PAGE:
Like O’Halloran and Hauschka, Levi’s life isn’t entirely in film. She fronts an experimental pop band called Micachu and the Shapes. (Hauschka has just penned a cello concerto and O’Halloran has released a number of solo piano albums.)

The only veteran among the year’s nominees is Thomas Newman, receiving his 14th nom (so far without a win) for “Passengers.” A hybrid score featuring both large orchestra and a profusion of electronic sounds, it, too, is forward-thinking in its use of both real instruments and cutting-edge technology.

But the most conventional score may well prove the most popular: Justin Hurwitz’s music for “La La Land” takes one cue from pianist Sebastian (Ryan Gosling) and his desire to run a jazz club, and another from the songs he and Mia (Emma Stone) sing, expressing their feelings about life, dreams, and each other. There’s lots of jazz being played both before and behind the camera.

And like much of the rest of the field, Hurwitz is a relative newcomer to scoring — “La La Land” is just his third film.

More Artisans

  • Aquaman 2018

    Morocco Lures Filmmakers With Geography, History and Incentives

    At the confluence of Berber, Arabian, and European cultural influences, the North African nation of Morocco boasts a long and sunny Atlantic coastline, the soaring and snowy peaks of the Atlas Mountains, and legendary cities such as Fez and Marrakesh that offer urban landscapes suggestive of eras ranging from Biblical times to the modern age [...]

  • Dynasties BBC

    Bristol Is Home to Production Companies Known for Global Wildlife Projects

    Bristol, two hours west of London and known by toon enthusiasts as the home of Aardman Animations, also happens to be the world center of wildlife filmmaking and home to the top producers, directors and camera pros creating the influx of natural history shows that continue to grow ever more popular on TV screens around [...]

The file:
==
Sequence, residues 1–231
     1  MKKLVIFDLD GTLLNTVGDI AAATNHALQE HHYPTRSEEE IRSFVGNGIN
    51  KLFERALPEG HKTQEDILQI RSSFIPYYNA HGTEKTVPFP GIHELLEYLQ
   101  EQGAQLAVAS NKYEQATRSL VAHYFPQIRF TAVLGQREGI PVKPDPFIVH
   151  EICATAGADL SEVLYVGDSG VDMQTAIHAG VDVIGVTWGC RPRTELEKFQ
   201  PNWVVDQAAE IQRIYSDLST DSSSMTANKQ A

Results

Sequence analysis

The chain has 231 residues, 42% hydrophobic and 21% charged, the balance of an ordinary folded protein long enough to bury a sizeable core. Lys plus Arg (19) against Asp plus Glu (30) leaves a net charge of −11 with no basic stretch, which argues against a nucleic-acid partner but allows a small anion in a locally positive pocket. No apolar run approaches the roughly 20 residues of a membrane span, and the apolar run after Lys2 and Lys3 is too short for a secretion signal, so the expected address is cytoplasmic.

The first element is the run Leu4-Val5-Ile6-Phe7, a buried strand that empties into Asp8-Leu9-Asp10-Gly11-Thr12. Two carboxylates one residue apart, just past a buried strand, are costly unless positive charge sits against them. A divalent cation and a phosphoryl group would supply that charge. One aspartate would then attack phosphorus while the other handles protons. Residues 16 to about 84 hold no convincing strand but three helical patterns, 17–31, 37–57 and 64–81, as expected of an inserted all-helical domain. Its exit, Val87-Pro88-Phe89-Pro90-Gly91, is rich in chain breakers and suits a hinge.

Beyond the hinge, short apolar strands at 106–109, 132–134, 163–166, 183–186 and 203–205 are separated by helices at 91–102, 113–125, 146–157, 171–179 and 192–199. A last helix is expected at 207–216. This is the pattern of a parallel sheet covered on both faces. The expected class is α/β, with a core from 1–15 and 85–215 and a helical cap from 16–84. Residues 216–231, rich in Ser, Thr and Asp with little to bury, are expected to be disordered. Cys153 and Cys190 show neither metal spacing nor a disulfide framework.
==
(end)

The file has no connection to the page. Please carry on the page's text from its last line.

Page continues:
• Queen of Scots Hair and Makeup

    'Mary Queen of Scots' Hair, Makeup Artist Gave Substance and Style to Battling Queens

    Jenny Shircore has done the makeup and hair of several queens over the years: Cate Blanchett in “Elizabeth” and “Elizabeth: The Golden Age” (she won an Oscar for the former) and Emily Blunt in “The Young Victoria.”  In fact, she had to be convinced to do it again for Saoirse Ronan’s Queen Mary and Margot Robbie’s [...]

  • Marvel Studios' BLACK PANTHER..L to R:

    Ryan Coogler on How 'Black Panther' Broke Barriers Below-the-Line, Too

    With more than $1.3 billion at the global box office, “Black Panther” was one of the year’s biggest hits. Though some people expected just another superhero film, the project turned out to be much deeper and more complex than that. Many called it a social turning point because it was the first blockbuster with a [...]

  • Payroll Specialist Cast & Crew Sold

    Payroll Specialist Cast & Crew Sold to Investment Fund EQT VIII

    Payroll specialist Cast & Crew Entertainment Services has been sold by Silver Lake to the investment Fund EQT VIII for an undisclosed price. Cast & Crew, based in Burbank, Calif., and founded in 1976, touts itself as the premier provider of technology-enabled payroll and production-management services to the entertainment industry. Services include payroll processing, residuals [...]

  • Patrick Stewart as Captain Jean-Luc Picard

    New 'Star Trek' Series to Shoot in California, Selected for Tax Credit

    CBS’s new “Star Trek” series, with Patrick Stewart reprising the role of Capt. Jean-Luc Picard, will shoot in California and receive a $15.6 million production tax credit. The California Film Commission announced Monday that the untitled “Star Trek” series and eight other TV series have been selected for the latest tax credit allocations totaling $90 [...]

More From Our Brands

Access exclusive content